Experts claim that the illegal sale of blood diamonds produces billions of dollars to pay for civil wars and other conflicts in various African nations. Often the people leading these civil wars and rebellions oppose legitimate governments. They want control over the area's profitable diamond industry. For example, in Sierra Leone, a group known as the Revolutionary United Front killed, threatened, and even cut off the arms of people living and working in diamond villages in order to take control of the mines in the area. Then the group moved on to the next villages. Roughly 20,000 innocent people were mutilated, 75,000 were killed, and 2 million fled the country. All these conflicts combined have resulted in the deaths of more than 4 million people and displaced millions more.
The Kimberley Process Certification Scheme was created in 2002 to regulate diamond trading and prevent blood diamonds from entering the legitimate diamond market. More than 70 countries participate in the Kimberley Process. Each shipment must have a government-validated certificate that promises the shipment does not contain conflict diamonds. The countries must agree to refuse any diamond shipments that don’t have an authentic certificate. Supporters of the Kimberley Process report that 99.8 percent of the world's diamonds are now legitimate and conflict-free. Critics, however, claim that the program does not prevent diamonds from being smuggled from war-torn countries and then sold as legitimate.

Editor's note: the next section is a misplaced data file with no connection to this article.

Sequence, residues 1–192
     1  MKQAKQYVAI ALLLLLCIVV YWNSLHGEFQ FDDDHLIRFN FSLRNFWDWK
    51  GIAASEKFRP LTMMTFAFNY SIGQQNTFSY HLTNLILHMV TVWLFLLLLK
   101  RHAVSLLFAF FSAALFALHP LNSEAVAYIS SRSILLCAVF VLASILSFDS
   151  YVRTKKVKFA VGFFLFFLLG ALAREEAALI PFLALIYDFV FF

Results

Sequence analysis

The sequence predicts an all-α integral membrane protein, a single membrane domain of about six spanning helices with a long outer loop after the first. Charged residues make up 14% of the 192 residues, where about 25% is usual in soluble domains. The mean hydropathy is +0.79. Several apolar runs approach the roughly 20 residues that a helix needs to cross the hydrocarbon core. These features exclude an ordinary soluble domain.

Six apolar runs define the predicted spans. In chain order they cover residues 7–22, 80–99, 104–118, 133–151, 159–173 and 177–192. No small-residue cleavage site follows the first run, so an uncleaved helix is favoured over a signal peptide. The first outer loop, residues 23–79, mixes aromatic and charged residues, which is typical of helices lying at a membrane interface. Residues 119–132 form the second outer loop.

Not all African diamond mines are corrupt. For example, the African nation of Botswana has a successful diamond mining industry.
Scientists have been trying to create real diamonds in laboratories, hoping to end the need for naturally occurring diamonds. These stones are not yet gem quality. They are used for industrial purposes, such as cutting tools.
Experts recommend purchasing diamonds from Australia and Canada, even though there are legitimate diamond mines in Africa.
Source: How the African Diamond Trade Works
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